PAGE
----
14 August 2013

Unfurling Toward, Missoula, Montana

As a kid, walking the mile to town - with an older sibling, of course - was a big deal. Apparently, it was not a busy road several decades ago, as I remember dawdling along, skipping stones across lush spring ditches filled with idling water.
In winter, the snow plow threw a huge ridge of snow into the field, parallel to road. Someone invariably ran a skidoo along the top, leaving an elevated walkway perfect for small people bundled in snowsuits with only their eyes showing. (Winter walks were actually more of a waddle into town.) From our lofty height, we surveyed a rolling domain of diamond crusted fields, sparkling in the clear winter sunlight.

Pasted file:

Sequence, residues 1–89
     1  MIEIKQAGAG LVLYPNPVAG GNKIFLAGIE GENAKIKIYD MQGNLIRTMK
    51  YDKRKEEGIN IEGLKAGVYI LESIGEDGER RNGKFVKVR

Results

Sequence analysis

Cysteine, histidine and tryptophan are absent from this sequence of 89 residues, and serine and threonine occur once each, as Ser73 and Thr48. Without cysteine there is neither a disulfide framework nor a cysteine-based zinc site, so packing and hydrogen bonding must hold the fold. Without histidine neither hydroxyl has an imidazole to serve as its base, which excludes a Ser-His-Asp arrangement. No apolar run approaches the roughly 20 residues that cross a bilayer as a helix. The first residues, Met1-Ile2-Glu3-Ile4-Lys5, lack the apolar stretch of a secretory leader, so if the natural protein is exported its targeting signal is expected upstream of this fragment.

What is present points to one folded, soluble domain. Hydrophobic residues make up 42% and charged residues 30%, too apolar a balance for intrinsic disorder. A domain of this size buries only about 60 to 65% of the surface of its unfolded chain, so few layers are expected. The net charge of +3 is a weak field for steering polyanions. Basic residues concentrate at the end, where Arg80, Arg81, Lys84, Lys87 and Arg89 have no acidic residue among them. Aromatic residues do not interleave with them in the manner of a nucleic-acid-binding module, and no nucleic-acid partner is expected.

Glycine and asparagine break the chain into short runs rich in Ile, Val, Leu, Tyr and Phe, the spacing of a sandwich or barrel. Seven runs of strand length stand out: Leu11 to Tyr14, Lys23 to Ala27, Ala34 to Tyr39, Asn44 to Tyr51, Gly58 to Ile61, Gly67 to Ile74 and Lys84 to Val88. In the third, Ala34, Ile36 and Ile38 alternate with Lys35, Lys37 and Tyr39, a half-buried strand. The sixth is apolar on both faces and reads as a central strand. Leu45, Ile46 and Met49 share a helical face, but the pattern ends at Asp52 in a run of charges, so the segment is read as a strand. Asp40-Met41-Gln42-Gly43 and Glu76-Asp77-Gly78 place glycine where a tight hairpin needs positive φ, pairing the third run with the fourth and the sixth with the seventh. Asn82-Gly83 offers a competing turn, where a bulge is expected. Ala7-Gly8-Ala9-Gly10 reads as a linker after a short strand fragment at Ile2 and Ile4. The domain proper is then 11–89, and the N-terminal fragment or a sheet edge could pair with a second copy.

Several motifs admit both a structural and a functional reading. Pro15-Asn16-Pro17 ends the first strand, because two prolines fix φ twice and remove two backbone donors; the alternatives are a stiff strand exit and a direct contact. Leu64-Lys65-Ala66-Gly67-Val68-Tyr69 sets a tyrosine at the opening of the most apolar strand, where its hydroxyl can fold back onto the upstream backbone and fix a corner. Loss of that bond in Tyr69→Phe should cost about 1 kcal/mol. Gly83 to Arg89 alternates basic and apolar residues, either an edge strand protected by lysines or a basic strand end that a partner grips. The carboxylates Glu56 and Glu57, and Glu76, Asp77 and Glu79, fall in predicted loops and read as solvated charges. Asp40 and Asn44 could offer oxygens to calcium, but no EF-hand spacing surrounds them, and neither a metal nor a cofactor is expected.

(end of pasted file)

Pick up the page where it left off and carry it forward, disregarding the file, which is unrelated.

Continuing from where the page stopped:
Memory images are not like a movie - there’s no plot, no distinct connection of why and where we were going, or how we got home. The actual journey toward is what made an impression - the discovery of along-the-way, the being in the present. And isn’t that what we need a little more of? Our lives get so busy, so scheduled and planned ahead with destinations mapped. Remember to take in the simple joys of the everyday journey - to stop and smell the roses, as it were.

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